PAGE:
Some fast facts about shoulder dislocation:
- 50% of all dislocations
- 95% of all shoulder dislocations come out anteriorly
- 85% caused by trauma recur i.e. will dislocate again
Following a traumatic shoulder anterior dislocation, certain pathologies in the shoulder joint can be found.
- Creation of a Bankart lesion – this can be a soft tissue labral tear or a bony Bankart with a fractured rim of the glenoid with labrum still attached to the detached fracture.
- Hillsach’s lesion – this is a compression fracture of the humeral head created at the time of the dislocation.
- Possible superior labral tear – called a “SLAP” lesion.
This is an example of a patient with an anterior shoulder dislocation. The bony Bankart lesion can be seen (arrows).
Those who have suffered from previous shoulder dislocation will remember how painful this condition can be. The treatment is urgent reduction of the dislocated joint.
Most shoulder dislocations can be reduced at the Emergency Room setting under some sedation and analgesia. However, in some cases, the dislocation will need to be done under general anaesthesia. Such cases include those patients who are very muscular or sometimes in elderly patients with osteoporotic bones where injudicious forceful attempts at reduction may cause fractures.
What Happens After A Shoulder Dislocation?
The main problem of a person with a history of a shoulder dislocation is that of a re-dislocation or recurrent dislocations.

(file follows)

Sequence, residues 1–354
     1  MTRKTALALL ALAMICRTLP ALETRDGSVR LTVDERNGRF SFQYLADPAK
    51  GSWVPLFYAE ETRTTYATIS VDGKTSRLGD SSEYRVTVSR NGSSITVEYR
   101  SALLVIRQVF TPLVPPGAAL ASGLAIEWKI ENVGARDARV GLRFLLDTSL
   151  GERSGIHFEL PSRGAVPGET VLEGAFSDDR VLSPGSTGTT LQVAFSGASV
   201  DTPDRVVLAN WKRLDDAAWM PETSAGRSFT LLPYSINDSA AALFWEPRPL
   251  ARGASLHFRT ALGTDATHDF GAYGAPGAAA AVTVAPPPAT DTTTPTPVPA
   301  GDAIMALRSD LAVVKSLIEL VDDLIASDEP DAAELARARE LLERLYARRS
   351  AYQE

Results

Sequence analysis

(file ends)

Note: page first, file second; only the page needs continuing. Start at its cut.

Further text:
The risk of this happening is higher if the dislocation happened when the person is at a younger age. As one grows older, the joint becomes stiffer and the risk of a re-dislocation becomes less likely.
How Effective Is Non-Surgical Treatment?
Many studies have shown a high risk of recurrent dislocation without surgical stabilisation of the torn labrum of the shoulder joint.
What Can Surgery Do?
Surgery is done using keyhole techniques. A camera is inserted into the injured shoulder joint via a 3mm hole from the back of the shoulder. This allows a complete arthroscopic examination of the shoulder joint and identification of the damaged structures e.g. labral tears, bankart lesions.
Two additional holes are made in the front of the shoulder to allow surgical repair of the torn structures.
In order to reattach the torn labrum back to the glenoid bone, special bioabsorbable suture anchors are used. This surgical implants are placed into the shoulder and help to secure the torn labrum back to bone to allow healing.